Roger M. Kaye
A retired physicist reinvented as thriller novels writer

Galloping Home

I galloped, Dirck galloped, we galloped all three.

Written in 1845 by Robert Browning, How they Brought the Good News from Ghent to Aix is the story of an urgent midnight errand. This news would save Aix from her fate, although we are not told what exactly the ‘good news’ was, nor what fate awaited her.

Some one hundred years later, on May 14, 1948, there was more good news, the Declaration of the Establishment of the State of Israel. After more than 2.000 years of exile, the Jews were back in their own country.

And yet, more than 70 years later, the good news has not reached the Jews in many Western countries.

The figures tell the sad story.

Some 7.6 million Jews still live in America, more than the 7 million in Israel. Nearly 300,000 Jews are content to live in the United Kingdom and, unbelievably, 120,000 in Germany.

It is time to make sure that the good news is heard loud and clear. Israel is waiting for you. The land has been rescued from foreign invaders, be they Turks or Britons, and is once again flourishing in the hands of its Jewish citizens.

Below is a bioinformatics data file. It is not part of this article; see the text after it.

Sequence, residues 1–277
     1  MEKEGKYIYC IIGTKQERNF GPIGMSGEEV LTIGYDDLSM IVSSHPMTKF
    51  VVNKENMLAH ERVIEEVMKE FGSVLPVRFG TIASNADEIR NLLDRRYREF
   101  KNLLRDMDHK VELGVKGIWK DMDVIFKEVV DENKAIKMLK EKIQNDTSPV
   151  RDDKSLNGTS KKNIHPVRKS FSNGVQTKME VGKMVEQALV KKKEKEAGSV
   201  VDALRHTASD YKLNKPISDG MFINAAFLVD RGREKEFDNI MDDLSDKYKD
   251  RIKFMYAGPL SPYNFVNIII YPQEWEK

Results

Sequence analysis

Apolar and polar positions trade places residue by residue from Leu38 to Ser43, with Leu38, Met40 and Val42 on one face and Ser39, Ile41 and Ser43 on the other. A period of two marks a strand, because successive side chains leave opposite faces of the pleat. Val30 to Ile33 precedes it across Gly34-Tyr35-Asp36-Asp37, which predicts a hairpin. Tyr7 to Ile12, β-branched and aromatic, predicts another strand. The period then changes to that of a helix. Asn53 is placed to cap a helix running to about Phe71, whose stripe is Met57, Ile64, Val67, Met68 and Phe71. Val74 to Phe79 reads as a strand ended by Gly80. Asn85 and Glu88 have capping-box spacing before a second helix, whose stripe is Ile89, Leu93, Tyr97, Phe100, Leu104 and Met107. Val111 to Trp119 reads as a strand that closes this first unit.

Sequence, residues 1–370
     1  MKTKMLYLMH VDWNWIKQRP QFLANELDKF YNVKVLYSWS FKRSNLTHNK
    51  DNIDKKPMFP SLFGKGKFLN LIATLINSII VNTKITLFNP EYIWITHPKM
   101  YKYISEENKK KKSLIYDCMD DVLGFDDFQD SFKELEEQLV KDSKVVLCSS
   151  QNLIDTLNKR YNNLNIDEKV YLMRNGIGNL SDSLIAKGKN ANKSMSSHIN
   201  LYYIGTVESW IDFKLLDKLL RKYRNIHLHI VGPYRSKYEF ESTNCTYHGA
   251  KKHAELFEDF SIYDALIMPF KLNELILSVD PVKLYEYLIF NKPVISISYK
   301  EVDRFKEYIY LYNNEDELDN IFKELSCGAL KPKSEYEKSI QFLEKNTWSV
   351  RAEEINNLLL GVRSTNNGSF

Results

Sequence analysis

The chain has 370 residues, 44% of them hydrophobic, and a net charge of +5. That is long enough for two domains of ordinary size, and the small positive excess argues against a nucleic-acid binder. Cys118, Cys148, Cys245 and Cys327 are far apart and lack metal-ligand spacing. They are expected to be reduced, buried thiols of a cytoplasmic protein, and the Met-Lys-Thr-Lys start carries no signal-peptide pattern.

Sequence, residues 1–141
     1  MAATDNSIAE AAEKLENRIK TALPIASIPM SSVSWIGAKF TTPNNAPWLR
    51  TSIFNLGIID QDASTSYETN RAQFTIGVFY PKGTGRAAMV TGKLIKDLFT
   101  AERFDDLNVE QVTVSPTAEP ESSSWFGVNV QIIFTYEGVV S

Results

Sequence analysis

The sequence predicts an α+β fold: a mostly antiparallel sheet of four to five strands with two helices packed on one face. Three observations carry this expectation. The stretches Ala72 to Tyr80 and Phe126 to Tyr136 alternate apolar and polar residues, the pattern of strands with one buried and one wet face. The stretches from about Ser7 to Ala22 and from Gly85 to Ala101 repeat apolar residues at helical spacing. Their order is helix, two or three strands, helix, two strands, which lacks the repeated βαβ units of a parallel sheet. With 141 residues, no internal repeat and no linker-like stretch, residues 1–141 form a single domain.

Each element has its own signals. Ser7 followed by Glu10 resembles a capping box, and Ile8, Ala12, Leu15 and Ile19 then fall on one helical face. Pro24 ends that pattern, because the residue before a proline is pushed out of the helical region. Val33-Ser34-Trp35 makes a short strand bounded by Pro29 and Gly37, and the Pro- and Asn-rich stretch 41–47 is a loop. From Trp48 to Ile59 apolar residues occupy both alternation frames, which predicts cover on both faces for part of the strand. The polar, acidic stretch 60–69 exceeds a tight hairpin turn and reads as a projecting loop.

It is true that the pioneers, many fleeing from persecution in Russia and, later, from Germany with the holocaust on the horizon, endured difficult conditions in a barren land. But today Israel offers a better life than most other countries. The land has been brought back to life; water is plentiful. Israel lacks for nothing. The land’s greatest enemy, the Negev Desert, has been beaten back.

Of course, we Jews are used to deserts. Following Moses out of Pharaoh’s Egypt on the way to the Promised Land, a journey that should have taken a week or two, we spent 40 years before finally reaching “home”.

The Negev Desert is more than half of Israel’s total land area. Once a barren emptiness, the introduction of drip irrigation technology back in the 1960’s enabled the desert’s scarce water resources to be used to grow crops.

As Isaiah predicted – The desert will rejoice, and flowers will bloom in the wilderness.
We wait in hope for the world’s Jews to come galloping home.

About the Author
The author has been living in Rehovot since making Aliya in 1970. A retired physicist, he divides his time between writing adventure novels, getting his sometimes unorthodox views on the world into print, and working in his garden. An enthusiastic skier and world traveller, the author has visited many countries. His first novels "Snow Job - a Len Palmer Mystery" and "Not My Job – a Second Len Palmer Mystery" are published for Amazon Kindle. The author is currently working on the third Len Palmer Mystery - "Do Your Job".
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